Glasgow Garnethill Women’s Heritage Walk

Glasgow Women’s Library have recently launched another of their sucessful Glasgow Women’s Heritage walks, this time focussing on the fascinating Garnethill area. As 19th century Glasgow prospered, it expanded west. The wealthy middle-classes built detached residences on the drumlin of Garnethill. A century on, Garnethill had grown into a bohemian enclave, home to theatre people, incomers, artists and activists, and some remarkable women who shaped this corner of the city. The GWL bills the walk as follows:

Garnethill is at the heart of Glasgow’s city centre but remains an unknown quarter for many. This walk takes in its grand tenements, painted gables, a miniature park, a synagogue and world acclaimed architectural triumphs. These and other fascinating landmarks help us to tell the stories of some of the most remarkable achievements of women in Glasgow’s history. Within Garnethill’s confined boundaries we spotlight the women who pioneered European art movements, designed the banners for suffragette processions, created the first women’s Library in Scotland and made Garnethill into the most exciting cultural and multicultural hotspot in Glasgow.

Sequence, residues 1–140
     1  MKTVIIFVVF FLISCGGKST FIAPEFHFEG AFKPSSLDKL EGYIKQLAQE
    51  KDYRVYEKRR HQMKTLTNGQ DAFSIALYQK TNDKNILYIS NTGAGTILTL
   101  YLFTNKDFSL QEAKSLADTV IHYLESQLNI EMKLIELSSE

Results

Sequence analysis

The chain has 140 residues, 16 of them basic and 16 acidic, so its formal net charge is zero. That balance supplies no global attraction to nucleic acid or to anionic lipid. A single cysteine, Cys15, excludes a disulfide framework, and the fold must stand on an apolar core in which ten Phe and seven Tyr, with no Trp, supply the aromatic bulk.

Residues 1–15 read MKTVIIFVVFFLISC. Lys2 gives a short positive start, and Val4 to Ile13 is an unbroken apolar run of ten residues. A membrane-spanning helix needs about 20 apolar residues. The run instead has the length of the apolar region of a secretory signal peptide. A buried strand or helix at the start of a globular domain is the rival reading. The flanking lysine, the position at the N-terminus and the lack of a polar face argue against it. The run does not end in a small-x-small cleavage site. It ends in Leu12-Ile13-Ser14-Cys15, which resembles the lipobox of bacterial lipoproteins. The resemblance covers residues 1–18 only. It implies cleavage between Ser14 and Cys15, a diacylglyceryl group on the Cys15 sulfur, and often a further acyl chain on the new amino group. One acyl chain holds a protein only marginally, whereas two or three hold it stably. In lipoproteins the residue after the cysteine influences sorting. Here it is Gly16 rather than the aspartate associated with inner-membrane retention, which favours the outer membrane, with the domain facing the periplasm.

Garnethill is also home of course to our wonderful Glasgow School of Art. Perched atop the hills of Scott Street and Dalhousie Street, the Mackintosh Building is a beacon of architecture and design. We were happy to provide an photography of former headmaster Fra Newbery with a class of female students from 1894-5 for the booklet.

GSAA P/1/5 Headmaster Fra Newbery with female students, c1894-5

The inaugural guided walk has now sadly passed, but intrepid rovers can undertake a self-guided walk around Garnethill with the aid of a specially designed map.

For more information about the Garnethill Heritage Walk visit the walk launch event page. For details of forthcoming guided walking tours and information on how to download maps and audio tours so you can try out the walks for yourself, see the Glasgow Women’s Library website.

Image credit: The Glasgow Women's Library
Image credit: The Glasgow Women’s Library